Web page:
Most swimming pools in Bahrain 'unsafe'
Manama, July 3, 2013
More than half of swimming pools in Bahrain fail to meet basic safety standards and could be putting lives at risk, according to a major inspection campaign.
Forty-eight out of 87 facilities across the country were being rented out to the public illegally, the Gulf Daily News quoted the campaign report.
Checks being carried out by the Health Ministry got underway on June 20 and will continue until July 8 to educate owners about the licensing system and safety requirements.
"Statistics showed that the total number of swimming pools open to public is 87 spread over five governorates, out of which 48 were unlicensed, located mostly in the northern area," said ministry public health directorate water and enterprises sanitation unit prevention of drowning committee head Zahra Nasser.
"According to statistics obtained from visits to swimming pools carried out by inspectors, 28 pools were unlicensed in the Northern Governorate, 10 in Muharraq, nine in Central and one in Manama."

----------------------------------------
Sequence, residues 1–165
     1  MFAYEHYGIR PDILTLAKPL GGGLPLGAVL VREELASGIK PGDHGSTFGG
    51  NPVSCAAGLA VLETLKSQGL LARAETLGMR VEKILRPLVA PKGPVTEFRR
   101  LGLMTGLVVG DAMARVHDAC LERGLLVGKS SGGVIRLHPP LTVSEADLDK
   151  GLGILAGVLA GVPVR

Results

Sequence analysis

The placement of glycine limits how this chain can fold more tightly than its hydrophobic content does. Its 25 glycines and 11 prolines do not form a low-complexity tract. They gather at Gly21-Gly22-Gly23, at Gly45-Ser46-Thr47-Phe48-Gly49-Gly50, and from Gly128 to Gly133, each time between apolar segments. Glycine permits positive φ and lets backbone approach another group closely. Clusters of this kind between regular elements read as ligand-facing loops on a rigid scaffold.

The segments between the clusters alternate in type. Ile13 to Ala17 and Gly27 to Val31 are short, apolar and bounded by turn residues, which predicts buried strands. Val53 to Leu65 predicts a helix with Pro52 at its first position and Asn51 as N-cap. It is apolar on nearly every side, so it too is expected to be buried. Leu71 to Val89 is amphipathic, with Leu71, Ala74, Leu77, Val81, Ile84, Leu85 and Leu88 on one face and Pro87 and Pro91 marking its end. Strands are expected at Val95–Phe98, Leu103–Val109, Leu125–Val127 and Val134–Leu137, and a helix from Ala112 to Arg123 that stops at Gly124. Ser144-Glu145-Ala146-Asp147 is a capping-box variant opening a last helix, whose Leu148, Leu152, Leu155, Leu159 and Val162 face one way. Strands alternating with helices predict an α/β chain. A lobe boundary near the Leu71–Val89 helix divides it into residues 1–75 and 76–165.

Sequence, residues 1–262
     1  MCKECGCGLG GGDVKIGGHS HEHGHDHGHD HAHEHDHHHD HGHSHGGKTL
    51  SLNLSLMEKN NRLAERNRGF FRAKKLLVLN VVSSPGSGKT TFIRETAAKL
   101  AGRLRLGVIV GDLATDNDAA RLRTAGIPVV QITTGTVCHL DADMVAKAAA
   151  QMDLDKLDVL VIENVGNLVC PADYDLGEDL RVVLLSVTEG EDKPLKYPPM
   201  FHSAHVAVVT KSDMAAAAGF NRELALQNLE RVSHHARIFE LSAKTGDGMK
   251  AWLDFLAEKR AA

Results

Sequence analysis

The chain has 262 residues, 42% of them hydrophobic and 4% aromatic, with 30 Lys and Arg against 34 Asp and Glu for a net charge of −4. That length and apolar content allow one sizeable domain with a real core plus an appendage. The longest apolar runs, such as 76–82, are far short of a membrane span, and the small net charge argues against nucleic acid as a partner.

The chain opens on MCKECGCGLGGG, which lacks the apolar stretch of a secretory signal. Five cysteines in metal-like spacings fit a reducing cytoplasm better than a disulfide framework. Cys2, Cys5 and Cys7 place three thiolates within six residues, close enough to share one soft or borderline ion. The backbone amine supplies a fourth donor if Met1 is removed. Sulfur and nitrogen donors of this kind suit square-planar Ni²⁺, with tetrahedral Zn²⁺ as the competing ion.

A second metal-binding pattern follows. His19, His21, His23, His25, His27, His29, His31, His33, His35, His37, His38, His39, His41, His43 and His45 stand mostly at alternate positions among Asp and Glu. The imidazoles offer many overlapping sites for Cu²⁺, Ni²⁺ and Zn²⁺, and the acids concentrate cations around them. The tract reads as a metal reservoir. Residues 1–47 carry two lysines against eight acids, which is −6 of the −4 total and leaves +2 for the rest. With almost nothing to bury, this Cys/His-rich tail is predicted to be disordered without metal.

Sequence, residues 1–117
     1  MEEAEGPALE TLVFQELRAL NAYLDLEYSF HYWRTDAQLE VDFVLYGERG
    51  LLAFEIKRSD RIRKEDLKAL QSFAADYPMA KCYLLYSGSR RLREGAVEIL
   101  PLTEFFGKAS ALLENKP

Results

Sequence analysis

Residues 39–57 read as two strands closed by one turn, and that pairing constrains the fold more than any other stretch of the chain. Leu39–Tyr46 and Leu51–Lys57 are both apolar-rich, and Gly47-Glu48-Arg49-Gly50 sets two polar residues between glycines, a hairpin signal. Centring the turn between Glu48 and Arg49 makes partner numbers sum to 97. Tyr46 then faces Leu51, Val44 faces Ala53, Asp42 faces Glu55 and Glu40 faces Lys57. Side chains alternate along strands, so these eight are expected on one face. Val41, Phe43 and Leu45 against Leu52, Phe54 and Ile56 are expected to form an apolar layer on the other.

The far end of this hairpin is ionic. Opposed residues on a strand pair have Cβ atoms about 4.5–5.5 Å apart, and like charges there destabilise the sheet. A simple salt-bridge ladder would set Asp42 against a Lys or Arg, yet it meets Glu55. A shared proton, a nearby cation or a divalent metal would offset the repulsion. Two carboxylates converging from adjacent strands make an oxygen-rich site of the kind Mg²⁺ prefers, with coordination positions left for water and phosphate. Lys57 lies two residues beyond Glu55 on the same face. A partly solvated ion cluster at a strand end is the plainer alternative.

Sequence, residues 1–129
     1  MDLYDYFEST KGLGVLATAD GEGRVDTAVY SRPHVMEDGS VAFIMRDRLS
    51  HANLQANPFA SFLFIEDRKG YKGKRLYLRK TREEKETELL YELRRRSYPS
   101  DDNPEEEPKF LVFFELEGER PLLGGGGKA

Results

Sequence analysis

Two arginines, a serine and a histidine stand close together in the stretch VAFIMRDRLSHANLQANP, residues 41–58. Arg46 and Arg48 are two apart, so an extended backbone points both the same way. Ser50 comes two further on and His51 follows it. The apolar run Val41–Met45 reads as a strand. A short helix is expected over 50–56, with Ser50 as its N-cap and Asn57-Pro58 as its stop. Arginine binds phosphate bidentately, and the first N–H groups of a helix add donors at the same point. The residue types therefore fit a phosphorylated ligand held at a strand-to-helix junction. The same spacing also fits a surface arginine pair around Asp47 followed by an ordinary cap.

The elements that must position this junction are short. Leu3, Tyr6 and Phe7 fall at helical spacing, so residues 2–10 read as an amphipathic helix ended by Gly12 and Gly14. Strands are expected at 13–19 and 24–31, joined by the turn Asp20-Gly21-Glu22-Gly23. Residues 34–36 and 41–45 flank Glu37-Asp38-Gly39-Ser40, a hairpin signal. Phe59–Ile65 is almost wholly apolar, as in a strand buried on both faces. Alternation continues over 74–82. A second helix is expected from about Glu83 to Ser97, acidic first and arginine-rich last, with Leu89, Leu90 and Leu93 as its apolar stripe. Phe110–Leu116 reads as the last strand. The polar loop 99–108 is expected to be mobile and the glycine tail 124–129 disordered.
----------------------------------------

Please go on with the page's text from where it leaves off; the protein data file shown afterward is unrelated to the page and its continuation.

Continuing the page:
Nasser said the majority of pools being illegally rented out to the public were located in private farms.
"Licences were issued to five of them, after checking the availability of health and safety requirements," she said.
Swimming pools are officially licensed by the Industry and Commerce Ministry and the Health Ministry, which has the power to order their closure.
Legislation was introduced in 1999 that requires pools in private residences to undergo safety inspection before they can be rented out.
Bahrain also launched a campaign in 2006 to crack down on unsupervised and insanitary swimming pools in hotels and apartment buildings following an outbreak of viral conjunctivitis.
Regular inspections are carried out to ensure swimming pools comply with national safety standards.
"The programme includes tracking adverts, which owners put up on billboards or in magazines and flyers," said Nasser.
Parents were earlier accused of risking the lives of their children by allowing them to play in swimming pools unsupervised because they wanted to protect their modesty from lifeguards.
"Safety is important, but we read about pool tragedies almost every summer," said Nasser.
"If families don't want to hire lifeguards, the final responsibility is on them. We have many public pools and beaches in Bahrain and drowning hazards are inevitable. It's also important for the families to learn first aid, so they can try to resuscitate a child before help arrives." – TradeArabia News Service
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